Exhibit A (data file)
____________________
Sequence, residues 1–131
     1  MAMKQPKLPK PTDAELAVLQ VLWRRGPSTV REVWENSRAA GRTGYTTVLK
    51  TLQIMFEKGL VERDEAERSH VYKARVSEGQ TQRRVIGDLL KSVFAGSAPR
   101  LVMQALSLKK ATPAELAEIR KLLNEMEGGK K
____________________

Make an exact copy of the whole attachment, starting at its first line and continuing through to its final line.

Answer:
Sequence, residues 1–131
     1  MAMKQPKLPK PTDAELAVLQ VLWRRGPSTV REVWENSRAA GRTGYTTVLK
    51  TLQIMFEKGL VERDEAERSH VYKARVSEGQ TQRRVIGDLL KSVFAGSAPR
   101  LVMQALSLKK ATPAELAEIR KLLNEMEGGK K